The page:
Anonymous Person Asks Patent Office to Throw Out Facebook Patents


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As TechCrunch has uncovered, someone has filed to have a Facebook patent declared invalid at the U.S. Patent Office. Everyone's best guess as to who would do this seems simple: Yahoo. The patent war between them rages on, so the fact that they would make this filing makes sense. They have already claimed that many of Facebook's patents should be ruled invalid, even appealing before a federal judge to have them removed. But Yahoo has denied that they filed the request.

Documents at the U.S. patent office indicate that a filing for re-examination was made yesterday for a patent that Facebook holds concerning news feeds. It is one of the patents that Facebook has used to countersue Yahoo with in the ongoing patent struggle.

The papers were filed by Gregory Hunt of the law firm Jenkins, Wilson, Taylor and Hunt. No one knows yet, what party they represent. When TechCrunch contacted Yahoo, they said that they had no part in the filing. They are the most obvious candidate, as companies being sued for infringement will often request to have patents reviewed to try and have them declared invalid. If the Patent office rules that an error was made, or the patent already exists, then it cannot be used in court.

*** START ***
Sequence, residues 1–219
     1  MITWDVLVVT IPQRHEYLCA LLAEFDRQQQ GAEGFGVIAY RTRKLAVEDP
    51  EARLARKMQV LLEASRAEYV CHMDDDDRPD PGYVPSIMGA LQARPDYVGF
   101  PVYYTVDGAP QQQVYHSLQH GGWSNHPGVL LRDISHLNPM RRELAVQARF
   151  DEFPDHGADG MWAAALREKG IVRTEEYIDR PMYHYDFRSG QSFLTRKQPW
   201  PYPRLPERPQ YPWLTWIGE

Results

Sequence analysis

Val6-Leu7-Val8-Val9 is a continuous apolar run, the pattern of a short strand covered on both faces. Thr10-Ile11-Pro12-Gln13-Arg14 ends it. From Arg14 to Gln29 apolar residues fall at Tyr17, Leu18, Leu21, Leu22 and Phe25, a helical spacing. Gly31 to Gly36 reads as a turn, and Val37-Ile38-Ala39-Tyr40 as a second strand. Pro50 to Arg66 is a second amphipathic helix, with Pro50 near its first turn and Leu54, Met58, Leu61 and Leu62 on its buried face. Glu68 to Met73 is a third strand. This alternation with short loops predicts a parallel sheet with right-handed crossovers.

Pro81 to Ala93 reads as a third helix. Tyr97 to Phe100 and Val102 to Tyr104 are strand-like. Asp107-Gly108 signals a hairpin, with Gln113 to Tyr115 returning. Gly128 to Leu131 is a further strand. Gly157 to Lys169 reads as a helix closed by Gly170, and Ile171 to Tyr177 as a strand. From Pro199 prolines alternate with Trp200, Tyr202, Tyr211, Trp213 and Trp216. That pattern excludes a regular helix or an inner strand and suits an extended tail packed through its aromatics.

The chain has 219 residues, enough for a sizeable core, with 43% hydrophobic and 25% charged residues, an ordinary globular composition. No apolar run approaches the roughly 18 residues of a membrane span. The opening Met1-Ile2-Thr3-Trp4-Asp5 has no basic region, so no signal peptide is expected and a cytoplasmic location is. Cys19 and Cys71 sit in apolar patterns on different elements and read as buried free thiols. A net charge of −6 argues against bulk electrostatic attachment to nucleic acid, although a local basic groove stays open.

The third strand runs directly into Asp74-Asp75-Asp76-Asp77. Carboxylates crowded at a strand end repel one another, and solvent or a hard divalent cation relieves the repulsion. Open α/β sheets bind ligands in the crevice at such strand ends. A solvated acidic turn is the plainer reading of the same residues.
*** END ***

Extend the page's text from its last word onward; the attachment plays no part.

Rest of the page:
The patent in question is no. 7,669,123 - a patent for "dynamically providing a news feed about a user of a social network." According to the filing it should be thrown out because it is based on a patent that was previously submitted but is yet to be approved.

Since Yahoo has denied making the filing, it could be a third party claiming ownership of the patent. This could mean big trouble for Facebook, if another party is trying to get involved with their patents. It could be declared invalid for a completely different reason, and Facebook would not be allowed to use it in the counter-suit against Yahoo.

If you're feeling froggy, you can search through the full statement for clues as to who is behind this. The details will probably be uncovered in the next few days.

Hunt Ex Parte

[source: TechCrunch]